Read the previous installments of “Avoiding C-Suite Mistakes” here.
If you Google “Job descriptions for C-Suite executives,” for CEO, COO, CFO, VP of HR, or CIO, the number of articles and posts is in the thousands. Certainly the information is there to help you develop your profile, job description, accountabilities, reporting structures, salary ranges — everything you need regarding C-Suite hires. When you know what you are looking for, this information is readily available. So that becomes the first question: “What are you looking for?”
By now, you have a rudimentary idea of the C-Suite executive you are seeking, but having never recruited and hired a C-Level executive, what are your moves now? Although you’re very close to knowing what executive skillset you need, our advice is to add “experience” to your due diligence.
Our recommendation is to speak with comparable senior executives for the role you’re looking to fill — whether it’s a COO, CEO, HR director, or CFO. Using your connections — colleagues, patients, church, social networks — find access to a head of HR, CFO, or COO. Talk to people who do the job. Ask them about their job. What are they responsible for? Learn on a personal level what their job is, and by the third or fourth interaction with comparable senior executives, you’ll know what you’re looking for and will be ready to recruit.
What Skillsets Am I Looking For?
Get firsthand knowledge of someone’s experience in the job and exactly what they do. Then go back to Google and reread some of the profiles, responsibilities and accountabilities. Combining direct experience with information leads to knowledge. With this knowledge, you will know what you need in the C-Suite.
Now you have a clear understanding of what skillsets you need, but this is only half the equation. What kind of person are you looking to hire? That is equally as critical — perhaps more so — than hiring for the superior skillset. You need the skillset, but if it comes with the wrong person, you’re headed for trouble.
Then comes the next rung in the ladder: recruiting. We have no magic bullet here. Our clients have used everything and everyone to find candidates. Many are from existing DSOs who are ready for their next step, which doesn’t seem available where they were. Many are from related industries such as emergent care, optical, or physical therapy entities. Some are from other industries. Dental group practices haven’t been around long enough to have developed deep and rich resources for hiring C-Suite executives.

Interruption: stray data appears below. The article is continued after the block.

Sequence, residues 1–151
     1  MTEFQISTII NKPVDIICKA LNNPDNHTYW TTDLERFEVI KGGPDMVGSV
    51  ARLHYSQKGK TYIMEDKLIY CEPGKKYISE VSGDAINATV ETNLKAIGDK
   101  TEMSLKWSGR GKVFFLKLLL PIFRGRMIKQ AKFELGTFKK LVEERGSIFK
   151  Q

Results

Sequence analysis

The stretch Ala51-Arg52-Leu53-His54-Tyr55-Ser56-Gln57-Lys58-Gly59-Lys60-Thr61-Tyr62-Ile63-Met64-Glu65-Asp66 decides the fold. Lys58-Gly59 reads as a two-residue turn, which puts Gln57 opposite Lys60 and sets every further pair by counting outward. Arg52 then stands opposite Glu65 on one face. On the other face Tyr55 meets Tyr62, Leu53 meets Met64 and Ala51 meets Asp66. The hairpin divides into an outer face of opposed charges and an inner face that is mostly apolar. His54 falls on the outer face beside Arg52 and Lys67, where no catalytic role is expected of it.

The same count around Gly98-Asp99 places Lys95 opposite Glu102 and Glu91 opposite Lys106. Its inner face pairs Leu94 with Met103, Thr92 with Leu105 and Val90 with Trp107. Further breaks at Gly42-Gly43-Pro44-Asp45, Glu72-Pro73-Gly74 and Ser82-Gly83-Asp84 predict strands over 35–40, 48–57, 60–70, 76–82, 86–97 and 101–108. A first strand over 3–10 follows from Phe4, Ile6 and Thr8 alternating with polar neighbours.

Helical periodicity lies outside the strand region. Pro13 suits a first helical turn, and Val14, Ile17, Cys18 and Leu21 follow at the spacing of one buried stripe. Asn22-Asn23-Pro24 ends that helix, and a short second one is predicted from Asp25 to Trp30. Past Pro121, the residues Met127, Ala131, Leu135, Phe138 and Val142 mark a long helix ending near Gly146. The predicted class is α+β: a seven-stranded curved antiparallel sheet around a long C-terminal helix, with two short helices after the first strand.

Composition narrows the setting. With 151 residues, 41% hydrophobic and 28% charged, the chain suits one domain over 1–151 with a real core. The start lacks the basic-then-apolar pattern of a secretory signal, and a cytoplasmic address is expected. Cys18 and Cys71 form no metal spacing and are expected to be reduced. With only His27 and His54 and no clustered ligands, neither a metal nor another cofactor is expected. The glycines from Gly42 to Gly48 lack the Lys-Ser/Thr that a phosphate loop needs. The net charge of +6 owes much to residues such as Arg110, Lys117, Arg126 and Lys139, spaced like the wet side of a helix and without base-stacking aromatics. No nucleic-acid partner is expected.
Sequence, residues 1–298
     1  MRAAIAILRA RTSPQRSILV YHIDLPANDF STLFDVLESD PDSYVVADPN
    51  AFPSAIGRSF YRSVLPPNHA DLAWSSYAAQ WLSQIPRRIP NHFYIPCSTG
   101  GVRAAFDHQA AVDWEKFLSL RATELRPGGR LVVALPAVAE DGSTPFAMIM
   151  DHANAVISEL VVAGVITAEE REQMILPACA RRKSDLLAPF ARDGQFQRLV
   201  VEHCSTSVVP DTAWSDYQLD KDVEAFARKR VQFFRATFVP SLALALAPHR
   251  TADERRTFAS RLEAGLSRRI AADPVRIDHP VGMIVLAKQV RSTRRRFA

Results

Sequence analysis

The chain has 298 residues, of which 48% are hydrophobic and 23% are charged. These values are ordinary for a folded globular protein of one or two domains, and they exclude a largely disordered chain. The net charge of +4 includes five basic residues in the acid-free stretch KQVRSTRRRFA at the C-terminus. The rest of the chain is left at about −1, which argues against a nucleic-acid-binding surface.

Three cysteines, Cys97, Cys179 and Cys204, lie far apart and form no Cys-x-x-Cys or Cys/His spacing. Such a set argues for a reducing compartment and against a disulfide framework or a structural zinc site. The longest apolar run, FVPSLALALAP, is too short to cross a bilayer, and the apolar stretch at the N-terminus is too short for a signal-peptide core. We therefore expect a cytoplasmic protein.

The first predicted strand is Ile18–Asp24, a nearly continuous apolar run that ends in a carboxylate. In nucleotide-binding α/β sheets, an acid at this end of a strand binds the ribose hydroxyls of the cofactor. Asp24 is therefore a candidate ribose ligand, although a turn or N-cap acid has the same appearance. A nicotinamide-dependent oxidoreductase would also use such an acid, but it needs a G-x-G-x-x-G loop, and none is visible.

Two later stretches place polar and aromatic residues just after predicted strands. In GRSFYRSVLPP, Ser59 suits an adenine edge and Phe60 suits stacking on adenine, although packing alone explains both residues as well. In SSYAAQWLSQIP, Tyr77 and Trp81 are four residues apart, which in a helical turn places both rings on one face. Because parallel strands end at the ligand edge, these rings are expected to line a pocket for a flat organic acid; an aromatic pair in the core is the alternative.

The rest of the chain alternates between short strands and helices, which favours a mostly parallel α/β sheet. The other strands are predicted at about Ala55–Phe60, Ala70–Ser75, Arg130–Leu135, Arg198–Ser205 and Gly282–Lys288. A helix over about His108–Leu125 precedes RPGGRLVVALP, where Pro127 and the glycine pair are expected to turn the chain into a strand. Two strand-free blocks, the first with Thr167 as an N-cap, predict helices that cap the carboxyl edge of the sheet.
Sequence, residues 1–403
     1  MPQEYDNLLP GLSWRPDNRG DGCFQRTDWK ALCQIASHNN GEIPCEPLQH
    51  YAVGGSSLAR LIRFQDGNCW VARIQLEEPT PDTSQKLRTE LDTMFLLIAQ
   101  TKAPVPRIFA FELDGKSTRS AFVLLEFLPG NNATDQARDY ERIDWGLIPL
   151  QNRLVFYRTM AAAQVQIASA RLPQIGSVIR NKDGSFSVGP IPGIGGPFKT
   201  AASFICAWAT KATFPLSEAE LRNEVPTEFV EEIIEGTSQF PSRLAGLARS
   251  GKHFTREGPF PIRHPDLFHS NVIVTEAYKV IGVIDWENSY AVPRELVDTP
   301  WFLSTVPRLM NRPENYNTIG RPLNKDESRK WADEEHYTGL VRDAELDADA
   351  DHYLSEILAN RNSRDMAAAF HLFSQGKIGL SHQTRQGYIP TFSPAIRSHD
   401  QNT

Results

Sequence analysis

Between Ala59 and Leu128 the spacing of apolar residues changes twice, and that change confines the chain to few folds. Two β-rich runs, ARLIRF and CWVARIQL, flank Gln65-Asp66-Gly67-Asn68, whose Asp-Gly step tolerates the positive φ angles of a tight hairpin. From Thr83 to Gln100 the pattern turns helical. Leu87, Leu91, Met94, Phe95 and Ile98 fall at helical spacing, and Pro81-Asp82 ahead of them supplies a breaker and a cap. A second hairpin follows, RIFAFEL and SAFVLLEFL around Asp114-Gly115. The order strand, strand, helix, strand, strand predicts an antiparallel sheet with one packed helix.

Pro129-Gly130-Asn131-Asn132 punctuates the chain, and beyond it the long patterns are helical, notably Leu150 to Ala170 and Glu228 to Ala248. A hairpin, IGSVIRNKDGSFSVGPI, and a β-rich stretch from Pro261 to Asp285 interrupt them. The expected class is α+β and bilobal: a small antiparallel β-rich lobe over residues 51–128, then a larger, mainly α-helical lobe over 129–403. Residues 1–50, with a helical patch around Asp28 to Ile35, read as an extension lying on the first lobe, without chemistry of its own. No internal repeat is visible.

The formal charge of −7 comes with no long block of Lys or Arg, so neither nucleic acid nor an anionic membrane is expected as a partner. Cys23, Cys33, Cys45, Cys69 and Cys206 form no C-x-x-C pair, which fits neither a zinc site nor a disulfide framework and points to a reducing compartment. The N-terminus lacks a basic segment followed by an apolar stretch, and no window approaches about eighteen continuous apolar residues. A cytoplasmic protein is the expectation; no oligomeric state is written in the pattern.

The advice we give to our clients is the C-Suite hire has to be a kind of partnership — one that operates out of shared core values, shared aspirations, shared vision, and shared admiration.
The first step is to figure out how to reveal those qualities and characteristics in the senior executive partner you are interviewing.
What Kind of Person Am I Looking For?
Use the best tools available: behavioral interviewing, personality assessments, speaking with references, and gauging the feeling you get from the candidate. Observe how they behave at work and in social situations. Take note: When you are speaking, are you speaking the same language? Are they equally excited about the future and what might be possible? Learning the opinions of your key staff is also helpful. These tactics should all be in the mix during the hiring process.
You know where pain and performance is the worst — where the mistakes, oversights, and most management time and dollars are spent. You realize that hiring a senior executive to be accountable for this portion of the practice is a must. And you know two things need to be in place to hire: knowing exactly what you are looking for, and knowing who you are looking for.
Once you have hired and onboarded your first C-Suite executive, recruitment and hiring of the next candidates is much easier. You’ll know you made a good choice if you are both operating in a true partnership, with an aligned vision, purpose, and values; communication is clean and direct; being with this person enables you to be better at what you do; and the business is now performing at a much better level.